Developed by Telltale Games. Published by Telltale Games. Released April 8, 2014. Available on PC (reviewed), PS3, Xbox 360.
After the bombshell dropped at the end of the last episode, it would have been easy for the writers of The Wolf Among Us to whisk the player to a quick and dirty resolution. Instead, the action slows down, as Sheriff Bigby Wolf spends the third episode of the series tracking down his suspect. The clock is ticking, and not just figuratively - there's a clock icon between each scene which reminds you there's a finite amount of time. The stress of a time limit is a bit of an illusion, but it works at rushing you through the 1.5 hours of playtime to a wham-bang climax that sticks in your craw. "The Crooked Mile" continues the excellent run Telltale Games has been delivering with The Wolf Among Us.
One of the great things about the world of the game is the conflict between who the Fables were in their stories and who they've become after they fled the idyllic Homeland to inhabit 1980s New York City. Bigby was the Big Bad Wolf, a terrible and fierce antagonist, but he's making a go at being a stand up citizen, trying to keep his rage in check. But Bigby is certainly not a prince, duke, or any part of the fairy tale ruling class that still controls the government of Fabletown. The poor and downtrodden Fables are the ones with a more monstrous appearance - pigs, trolls or Grendels; if you look human, you generally have more power. Bigby, as Sheriff, has to deal with the lower classes at the behest of the upper class, but he's really one of poor monsters. "I'm pretty sure I grew up not wearing clothes," he says in Episode 3. Class warfare is a great theme, even in fairytale detective stories.
There are some hard decisions to make in this episode. You have three locations you think may contain a clue to where the suspect might be, and they all appear promising. There's only time to go to one, or maybe two, locations so the decision of where to travel first is extremely tense. You don't want to make the wrong call. Of course, the ticking clock is fake. Just playing through the game doesn't seem to impact the outcome of the story - as a player I knew the game wouldn't overly punish me - but the illusion was successful in allowing me to inhabit the role of a detective running out of time. I pushed some of those I was interrogating to answer more quickly, and didn't dally as much as I might have if there wasn't a rush.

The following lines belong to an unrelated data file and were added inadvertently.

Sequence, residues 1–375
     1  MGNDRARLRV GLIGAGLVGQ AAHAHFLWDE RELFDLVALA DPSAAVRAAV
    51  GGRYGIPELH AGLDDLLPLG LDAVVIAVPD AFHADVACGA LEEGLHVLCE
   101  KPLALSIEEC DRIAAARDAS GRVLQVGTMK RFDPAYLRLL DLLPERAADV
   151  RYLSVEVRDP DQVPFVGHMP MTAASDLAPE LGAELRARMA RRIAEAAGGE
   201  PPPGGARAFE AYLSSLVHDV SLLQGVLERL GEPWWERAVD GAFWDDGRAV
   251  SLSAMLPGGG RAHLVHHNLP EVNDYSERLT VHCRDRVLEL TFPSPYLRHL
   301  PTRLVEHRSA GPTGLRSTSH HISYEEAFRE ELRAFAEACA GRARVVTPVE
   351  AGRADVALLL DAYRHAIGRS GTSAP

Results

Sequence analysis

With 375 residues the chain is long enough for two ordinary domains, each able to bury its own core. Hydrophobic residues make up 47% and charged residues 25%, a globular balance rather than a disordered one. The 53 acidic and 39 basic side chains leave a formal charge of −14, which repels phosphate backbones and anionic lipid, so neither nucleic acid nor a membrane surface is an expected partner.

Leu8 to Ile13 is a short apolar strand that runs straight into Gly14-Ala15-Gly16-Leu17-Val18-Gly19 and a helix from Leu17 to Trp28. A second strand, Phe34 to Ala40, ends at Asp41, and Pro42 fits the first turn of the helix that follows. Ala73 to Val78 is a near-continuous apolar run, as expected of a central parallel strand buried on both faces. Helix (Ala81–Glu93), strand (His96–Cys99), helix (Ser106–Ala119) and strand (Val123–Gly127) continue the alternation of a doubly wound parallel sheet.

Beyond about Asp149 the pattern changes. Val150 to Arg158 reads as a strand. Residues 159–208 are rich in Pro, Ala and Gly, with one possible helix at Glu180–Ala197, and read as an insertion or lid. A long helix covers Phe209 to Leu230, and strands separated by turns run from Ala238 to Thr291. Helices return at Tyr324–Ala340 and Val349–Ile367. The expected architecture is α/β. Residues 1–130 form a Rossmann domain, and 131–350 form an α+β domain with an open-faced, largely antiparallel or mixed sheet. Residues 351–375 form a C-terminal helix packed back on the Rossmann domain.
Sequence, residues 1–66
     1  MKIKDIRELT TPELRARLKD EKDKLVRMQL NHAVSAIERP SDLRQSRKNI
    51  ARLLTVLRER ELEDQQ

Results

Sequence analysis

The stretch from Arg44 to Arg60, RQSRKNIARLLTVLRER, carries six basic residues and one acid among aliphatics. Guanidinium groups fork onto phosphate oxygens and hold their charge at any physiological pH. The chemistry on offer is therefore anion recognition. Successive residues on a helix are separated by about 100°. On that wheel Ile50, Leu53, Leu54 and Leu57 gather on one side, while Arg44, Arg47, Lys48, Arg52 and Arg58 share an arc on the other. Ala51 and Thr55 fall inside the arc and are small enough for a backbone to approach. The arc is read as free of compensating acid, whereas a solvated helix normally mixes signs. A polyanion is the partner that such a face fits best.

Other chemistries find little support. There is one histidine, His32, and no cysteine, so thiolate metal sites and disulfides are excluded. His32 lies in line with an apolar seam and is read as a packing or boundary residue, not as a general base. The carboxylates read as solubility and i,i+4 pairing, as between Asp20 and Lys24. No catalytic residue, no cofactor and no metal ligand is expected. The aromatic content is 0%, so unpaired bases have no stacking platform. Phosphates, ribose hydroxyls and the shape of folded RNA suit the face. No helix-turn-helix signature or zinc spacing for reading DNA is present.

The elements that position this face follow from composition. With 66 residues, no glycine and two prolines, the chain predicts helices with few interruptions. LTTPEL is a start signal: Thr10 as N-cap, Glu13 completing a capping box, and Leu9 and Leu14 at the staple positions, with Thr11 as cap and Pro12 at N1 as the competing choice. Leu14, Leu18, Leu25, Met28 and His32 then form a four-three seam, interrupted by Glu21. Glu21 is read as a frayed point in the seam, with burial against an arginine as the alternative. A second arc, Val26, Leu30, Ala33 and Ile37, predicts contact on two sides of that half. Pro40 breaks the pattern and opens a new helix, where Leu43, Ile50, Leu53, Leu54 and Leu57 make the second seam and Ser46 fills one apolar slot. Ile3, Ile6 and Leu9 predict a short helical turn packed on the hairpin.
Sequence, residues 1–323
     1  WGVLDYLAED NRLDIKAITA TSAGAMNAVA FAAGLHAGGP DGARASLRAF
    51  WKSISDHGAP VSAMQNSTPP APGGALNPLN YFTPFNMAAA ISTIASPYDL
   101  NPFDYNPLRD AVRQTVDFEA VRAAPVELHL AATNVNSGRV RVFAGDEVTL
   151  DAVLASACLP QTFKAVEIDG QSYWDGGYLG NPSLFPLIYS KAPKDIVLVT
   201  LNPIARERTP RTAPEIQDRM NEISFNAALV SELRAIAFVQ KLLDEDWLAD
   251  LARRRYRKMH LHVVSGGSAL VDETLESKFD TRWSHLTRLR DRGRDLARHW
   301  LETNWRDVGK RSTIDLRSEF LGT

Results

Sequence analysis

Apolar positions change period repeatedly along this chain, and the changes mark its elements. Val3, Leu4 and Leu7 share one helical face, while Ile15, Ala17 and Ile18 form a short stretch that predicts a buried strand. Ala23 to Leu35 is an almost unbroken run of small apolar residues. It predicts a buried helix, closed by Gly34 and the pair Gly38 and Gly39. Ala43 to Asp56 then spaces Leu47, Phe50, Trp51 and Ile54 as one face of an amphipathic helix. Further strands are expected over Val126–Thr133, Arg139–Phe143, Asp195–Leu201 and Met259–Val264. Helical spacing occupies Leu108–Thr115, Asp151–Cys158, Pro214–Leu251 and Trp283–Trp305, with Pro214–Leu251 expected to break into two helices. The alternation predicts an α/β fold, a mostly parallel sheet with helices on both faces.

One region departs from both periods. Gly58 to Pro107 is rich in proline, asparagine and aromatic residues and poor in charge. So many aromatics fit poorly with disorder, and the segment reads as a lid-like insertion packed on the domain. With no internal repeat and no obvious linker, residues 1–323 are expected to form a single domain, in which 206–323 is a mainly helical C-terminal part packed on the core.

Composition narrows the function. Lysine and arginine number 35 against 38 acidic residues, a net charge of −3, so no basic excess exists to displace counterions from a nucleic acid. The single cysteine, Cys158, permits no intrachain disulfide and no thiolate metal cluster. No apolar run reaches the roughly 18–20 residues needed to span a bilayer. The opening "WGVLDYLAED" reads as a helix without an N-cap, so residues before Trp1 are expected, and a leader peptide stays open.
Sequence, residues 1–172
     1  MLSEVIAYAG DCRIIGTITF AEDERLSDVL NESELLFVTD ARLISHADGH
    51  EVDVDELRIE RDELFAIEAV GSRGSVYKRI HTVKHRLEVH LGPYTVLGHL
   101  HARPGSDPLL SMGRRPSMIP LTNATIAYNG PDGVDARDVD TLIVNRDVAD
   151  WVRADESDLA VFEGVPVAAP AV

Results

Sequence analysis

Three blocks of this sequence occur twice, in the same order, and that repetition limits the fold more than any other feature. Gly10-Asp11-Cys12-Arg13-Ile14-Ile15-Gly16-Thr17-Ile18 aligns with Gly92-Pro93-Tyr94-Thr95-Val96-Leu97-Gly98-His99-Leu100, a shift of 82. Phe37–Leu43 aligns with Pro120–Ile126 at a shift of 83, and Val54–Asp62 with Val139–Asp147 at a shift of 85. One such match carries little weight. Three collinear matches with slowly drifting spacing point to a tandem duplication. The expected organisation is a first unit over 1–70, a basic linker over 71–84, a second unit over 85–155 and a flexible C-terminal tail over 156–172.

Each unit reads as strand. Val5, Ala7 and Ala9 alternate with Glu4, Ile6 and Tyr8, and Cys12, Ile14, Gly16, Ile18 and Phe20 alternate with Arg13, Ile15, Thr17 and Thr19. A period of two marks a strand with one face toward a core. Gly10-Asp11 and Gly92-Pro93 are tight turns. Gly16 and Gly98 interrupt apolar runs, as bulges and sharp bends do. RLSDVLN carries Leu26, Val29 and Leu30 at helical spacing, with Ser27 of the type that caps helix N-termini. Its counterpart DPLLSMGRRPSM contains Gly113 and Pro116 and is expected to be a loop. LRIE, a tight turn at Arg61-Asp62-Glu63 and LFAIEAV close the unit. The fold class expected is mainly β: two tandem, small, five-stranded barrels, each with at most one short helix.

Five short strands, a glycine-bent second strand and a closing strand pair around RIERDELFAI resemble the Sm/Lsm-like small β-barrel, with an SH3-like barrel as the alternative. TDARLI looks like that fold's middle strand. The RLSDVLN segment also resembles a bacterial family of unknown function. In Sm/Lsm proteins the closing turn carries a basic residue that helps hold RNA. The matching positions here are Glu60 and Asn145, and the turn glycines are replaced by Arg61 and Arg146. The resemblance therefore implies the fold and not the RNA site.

Telltale is not afraid to break the fourth wall to get a laugh. The feedback you get from your decision in the game takes the form of a line of text displayed at the top of the screen - "They will remember this" or "She will remember this." But in one scene in a bar, a character asks you question right before passing out. The feedback reads "They will not remember this." No, no they won't. That Telltale is comfortable enough in its storytelling prowess to take this risk in slyly subverting its own conventions shows the studio is comfortable with its status leading the modern adventure game genre.
The final scene of "The Crooked Mile" is a satisfying action sequence that introduces some new antagonists, the most notable being an extremely violent Bloody Mary. Folklore states Bloody Mary appears in a mirror if you recite her name, but in A Wolf Among Us she's really just a nasty killer with a bad attitude. The true puppet master of the various characters who've been getting in Bigby's way is hinted at for the first time as well, though you don't have time to contemplate the information before the bullets start to fly. The whole sequence is a frenetic and violent cap on the otherwise careful pace of the episode, answering questions just as it dangles a more tantalizing mystery. Episode four can't come soon enough.
Bottom Line: The third episode of The Wolf Among Us adds an illusory time limit, and it works damn well at ramping up the tension of Bigby's investigation before a stellar climax.
Recommendation: Drop the five bucks on another excellent installment.